The Phaserl


The Impossible Italian Job

by Don Quijones, Wolf Street:

The Italian Banking Crisis would complete Europe’s “Doom Loop.”

Italy’s repeated attempts to stave off a full-blown financial crisis and breathe life back into its moribund banking sector can be summed up in four words: too little, too late.

In April, it set up a bad bank vehicle called Atlante that was expected to bail out the country’s most troubled lenders as well as allay growing fears of a systemic crisis within the financial sector. With just €5 billion of funds to its name, it did neither.

Cue Plan B, which saw the EU in June grant permission for Italy to use “government guarantees” to create a “precautionary liquidity support program for their banks“ worth €150 billion. On the surface it seemed like a lot more money, but in the end it amounted to little more than a PR stunt. The stampede out of Italian banks barely missed a beat [As Fears of “Bank Run” Escalate, Italian Banks Get €150 Billion Bailout of Empty Promises].

Finally, at the end of July things got seriously serious with the unveiling of Plan C: a third, much larger rescue deal for Italy’s chronically dependent and third largest bank, Monte dei Paschi. The deal involves a consortium of banks, led by JP Morgan, and in a secondary role, Italian investment bank Mediobanca, which will apparently help Monte dei Paschi raise €5 billion in new capital and sell €9.2 billion in bad loans at a deep discount to get them off its books.

As we reported, the underwriting fees are going to be extraordinarily juicy, in particular for JP Morgan. For Monte dei Paschi, meanwhile, the impact could be somewhat more muted, especially given the immense difficulties it’s likely to face offloading close to €10 billion worth of putrefying debt that nobody wants to touch, as The Economist points out:

As the Distressed-debt investors tend to buy loans in bulk, and hence prefer loans with easily recoverable, tangible collateral. The NPLs of stricken British, Irish and Spanish banks in recent years were largely mortgages: being backed by property, they could be valued from current real-estate prices. British and Irish courts are also pretty efficient at dealing with claims on collateral. Many Italian NPLs, by contrast, are uncollateralised loans to small businesses or consumers. Even when collateral has been pledged, Italian courts are much slower than those elsewhere to recover it.

This may help explain why since the announcement of its latest “rescue” on August 5, MPS’ stock – reduced to a penny stock long ago – has plunged a further 8%, from €0.25 to €0.23.

If investors do not believe that even JP Morgan Chase, with the help of an all-star cast of global systemically important, precariously interconnected financial institutions, can sanitize a fraction of the bad debt putrefying on the balance sheets of the country’s third biggest bank, then Italy — and by extension, the Eurozone — may have even bigger problems than previously thought. After all, Italy accounts for roughly one third of the Eurozone’s estimated €1 trillion worth of non-performing loans.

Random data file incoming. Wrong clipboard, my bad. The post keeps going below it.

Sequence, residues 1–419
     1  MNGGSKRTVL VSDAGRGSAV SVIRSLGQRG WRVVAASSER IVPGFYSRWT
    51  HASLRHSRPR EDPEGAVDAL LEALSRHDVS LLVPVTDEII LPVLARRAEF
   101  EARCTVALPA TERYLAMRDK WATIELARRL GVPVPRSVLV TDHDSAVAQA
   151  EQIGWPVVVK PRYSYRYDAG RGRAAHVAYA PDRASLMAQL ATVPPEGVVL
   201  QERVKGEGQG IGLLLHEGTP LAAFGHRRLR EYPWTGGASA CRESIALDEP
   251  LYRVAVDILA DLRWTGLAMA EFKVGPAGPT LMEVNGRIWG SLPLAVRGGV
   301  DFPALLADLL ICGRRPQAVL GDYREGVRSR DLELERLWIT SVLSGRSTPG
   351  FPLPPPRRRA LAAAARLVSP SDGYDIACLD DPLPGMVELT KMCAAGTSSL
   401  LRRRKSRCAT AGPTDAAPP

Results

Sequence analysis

But that hasn’t stopped its banks from continuing to extend dirt-cheap credit to loss-making companies. Perpetual loss-makers such as fashion retailer Benetton and Feltrinelli, one of the country’s largest booksellers, continue to receive ridiculously low-interest loans — all made possible, of course, by the liquidity glut conjured into existence by ECB Chairman Mario Draghi’s negative interest rate policy (NIRP).

As happened in Japan at the beginning of its so-called lost decade, which to all intents and purposes continues to this day almost 30 years later, instead of biting the bullet and booking losses, large banks in Italy have kept credit lines open to borrowers even when it was clear they had no chance of honoring their obligations.

Where Italy differs from Japan is that it is already well into its second lost decade and the sheer scale of its problems are only just beginning to emerge, having been masterfully masked by an epic expansion of bad debt, which jumped from 5% of banking assets in 2008 (5% being the threshold for sound banking) to almost 20% today.

Yet despite — or perhaps because of — the unconditional generosity of Italian banks to Italian firms, the country’s economy continues to stutter. It is smaller today than it was in 2008 and not much larger than in 2000. And according to Enrico Colombatto, a professor of economics at Turin University, the future holds even grimmer prospects:

Growth continues to disappoint and the estimates for 2017 have recently been cut, unemployment is relatively high, investment is stagnant and companies keep going belly up. Furthermore, Italian treasury bonds would be worth much less than their present price if the markets did not believe that, should the need arise, the European Central Bank would step in and bail out the Italian government.

That is precisely what the ECB and the European Commission will end up doing. The alternative is beyond unthinkable: Not only would it mean allowing bank bondholders — including very large foreign banks and hundreds of thousands of Italy small savers — to take a massive hit, potentially sparking a run on bank deposits; it would also trigger the final dreaded phase of Europe’s so-called doom loop.

If Italian banks began falling like flies, it would only be a matter of time before investors began selling (or shorting) Italian bonds en masse, by which point the Doom Loop would be in full flow. The more the bond prices fell, the more impaired the banks’ balance sheets would become since they hold a big chunk of these bonds. And it would speed up the stampede out of Italian bonds and banking shares. Rinse and repeat, until all that’s left is a smoldering husk of a banking system.

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